Government failure to provide vaccination services and radiation facilities is unacceptable

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Published: 7 Dec 2015
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Dr Lois Ramondetta - MD Anderson Cancer Centre, Houston, USA

Dr Ramondetta talks to ecancertv at AORTIC 2015 about global inequities in cancer care and the insight she has gained by learning about the creative approaches to cancer care taken in Africa.

She discusses things such as 'telementoring' which enable the exchange of skills across borders, and the harnessing of the private sector which has seen companies deliver drugs and vaccines along with their regular deliveries.

Ultimately though, she argues that governments need to take cancer care more seriously. Noting how successful Rwanda has been in vaccinating over 90 percent of its girls, she says it is "totally unacceptable" for governments to not implement HPV vaccination programmes.

She explains how cost is not the only issue surrounding the HPV vaccine, citing the fact that only 30 to 40 percent of girls in the US have been vaccinated due to confusion, uneven access, and lack of education and understanding on sexual health.

Furthermore, governments need to recognise that it is "totally unacceptable to not have a radiation facility within your country", she says.



I actually work with an under-served population in the United States and I deal with the inequities of healthcare in the United States but I am very aware of the vast differences in healthcare opportunities for people all over the world. So I’m here at AORTIC to learn about different opportunities to learn from each other and to help try to erase some of the inequities.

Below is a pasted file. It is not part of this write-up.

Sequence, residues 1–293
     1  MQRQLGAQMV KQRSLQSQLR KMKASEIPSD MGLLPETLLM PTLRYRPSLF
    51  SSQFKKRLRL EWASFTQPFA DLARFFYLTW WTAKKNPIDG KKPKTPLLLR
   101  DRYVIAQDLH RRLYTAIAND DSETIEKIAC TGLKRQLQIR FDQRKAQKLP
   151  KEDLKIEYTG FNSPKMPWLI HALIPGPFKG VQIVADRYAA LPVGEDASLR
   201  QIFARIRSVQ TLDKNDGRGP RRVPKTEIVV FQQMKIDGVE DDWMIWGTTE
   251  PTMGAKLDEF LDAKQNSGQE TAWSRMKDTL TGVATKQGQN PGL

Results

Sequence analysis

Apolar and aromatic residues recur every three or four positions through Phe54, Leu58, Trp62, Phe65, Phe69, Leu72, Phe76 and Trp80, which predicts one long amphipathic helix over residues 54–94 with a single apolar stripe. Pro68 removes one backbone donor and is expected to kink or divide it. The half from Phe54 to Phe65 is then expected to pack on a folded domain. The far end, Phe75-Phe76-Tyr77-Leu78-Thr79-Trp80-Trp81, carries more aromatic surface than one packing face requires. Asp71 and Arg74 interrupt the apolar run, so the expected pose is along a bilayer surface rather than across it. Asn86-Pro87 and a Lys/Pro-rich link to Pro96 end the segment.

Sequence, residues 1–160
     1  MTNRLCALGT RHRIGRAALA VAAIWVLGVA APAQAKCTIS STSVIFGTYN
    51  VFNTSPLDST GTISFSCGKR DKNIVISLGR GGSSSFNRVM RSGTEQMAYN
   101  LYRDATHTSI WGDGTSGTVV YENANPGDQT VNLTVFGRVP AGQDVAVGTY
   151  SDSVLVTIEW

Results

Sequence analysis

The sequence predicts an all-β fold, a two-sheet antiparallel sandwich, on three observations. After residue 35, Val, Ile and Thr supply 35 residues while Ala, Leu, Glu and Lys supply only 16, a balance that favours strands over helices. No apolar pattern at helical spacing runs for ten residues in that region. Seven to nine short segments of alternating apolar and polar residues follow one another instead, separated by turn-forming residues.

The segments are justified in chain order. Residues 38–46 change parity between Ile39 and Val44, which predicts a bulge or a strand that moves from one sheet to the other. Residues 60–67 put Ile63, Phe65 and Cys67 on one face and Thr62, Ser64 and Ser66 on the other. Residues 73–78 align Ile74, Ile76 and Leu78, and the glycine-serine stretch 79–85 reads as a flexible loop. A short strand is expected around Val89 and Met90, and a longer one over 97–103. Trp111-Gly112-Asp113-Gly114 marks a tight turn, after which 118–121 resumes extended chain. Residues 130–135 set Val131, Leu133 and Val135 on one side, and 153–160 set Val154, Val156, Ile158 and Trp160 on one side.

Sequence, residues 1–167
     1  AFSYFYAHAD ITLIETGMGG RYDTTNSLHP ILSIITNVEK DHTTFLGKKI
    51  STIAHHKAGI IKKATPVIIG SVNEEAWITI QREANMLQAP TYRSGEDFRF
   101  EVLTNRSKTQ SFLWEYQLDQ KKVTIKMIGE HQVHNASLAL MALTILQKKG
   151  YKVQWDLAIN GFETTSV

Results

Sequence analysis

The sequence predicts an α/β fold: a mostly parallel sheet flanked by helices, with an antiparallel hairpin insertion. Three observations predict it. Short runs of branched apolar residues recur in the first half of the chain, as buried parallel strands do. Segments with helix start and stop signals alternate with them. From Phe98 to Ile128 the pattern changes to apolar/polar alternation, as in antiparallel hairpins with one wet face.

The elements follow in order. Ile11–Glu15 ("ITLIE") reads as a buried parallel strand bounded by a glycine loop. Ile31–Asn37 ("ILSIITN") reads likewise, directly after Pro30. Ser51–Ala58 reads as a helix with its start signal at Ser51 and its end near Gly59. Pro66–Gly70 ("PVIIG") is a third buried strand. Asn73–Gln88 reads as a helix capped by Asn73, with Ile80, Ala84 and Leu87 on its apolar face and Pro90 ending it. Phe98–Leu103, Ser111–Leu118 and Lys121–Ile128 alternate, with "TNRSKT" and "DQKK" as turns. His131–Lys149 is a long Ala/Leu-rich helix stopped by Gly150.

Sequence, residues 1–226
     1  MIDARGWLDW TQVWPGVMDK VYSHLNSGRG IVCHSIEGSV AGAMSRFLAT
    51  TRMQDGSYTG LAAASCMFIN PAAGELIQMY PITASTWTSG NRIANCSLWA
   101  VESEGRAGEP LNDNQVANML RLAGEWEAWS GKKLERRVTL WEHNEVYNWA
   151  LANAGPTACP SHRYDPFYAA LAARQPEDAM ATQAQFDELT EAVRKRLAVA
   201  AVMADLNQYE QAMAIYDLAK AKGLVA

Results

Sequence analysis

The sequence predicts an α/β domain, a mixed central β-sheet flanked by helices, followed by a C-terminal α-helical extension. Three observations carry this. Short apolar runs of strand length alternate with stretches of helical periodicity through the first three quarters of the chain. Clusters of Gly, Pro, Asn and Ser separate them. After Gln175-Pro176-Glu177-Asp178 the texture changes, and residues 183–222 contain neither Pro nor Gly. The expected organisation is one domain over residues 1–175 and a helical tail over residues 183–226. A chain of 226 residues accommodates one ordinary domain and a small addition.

I’ve already learned some very interesting things. Morocco is a wonderful place for them to have the conference this year because, as far as on the African continent, Morocco, especially the efforts of the Princess, have pushed forward the women’s healthcare agenda, specifically related to cervix cancer which is a totally preventable disease and one that I see way too much of even in Houston in the United States. So I’m very impressed with what’s happened and I’m very interested in learning how to prevent a disease that could be wiped off the planet with the HPV vaccine. Although that hopefully will be a thing of the past, the cancer in general, right now we have to deal with the palliative care of those who have the cancer as well as new solutions for people in Africa who may not have access to standard of care which is chemotherapy and radiation for locally advanced cancers. That was one of my talks and whereas I mentioned neoadjuvant chemotherapy for cervix cancer may be considered inappropriate in certain situations, in areas and in countries where there is no radiation available it is an incredibly important aspect of care. So we discussed neoadjuvant chemotherapy for cervical cancer. I also discussed it in terms of when you have to triage your resources. Whereas patients with earlier stage locally advanced cervical cancer may benefit greatly from chemotherapy with radiation, those with much more advanced cervix cancer may not benefit as much. So if resources are scarce learning how to triage. One of the things that I found as I even prepared for this is that we often use that chemotherapy without even thinking where we have access to it. Sometimes where scarce resources make you impoverished, too many resources make you obese and unhealthy as well.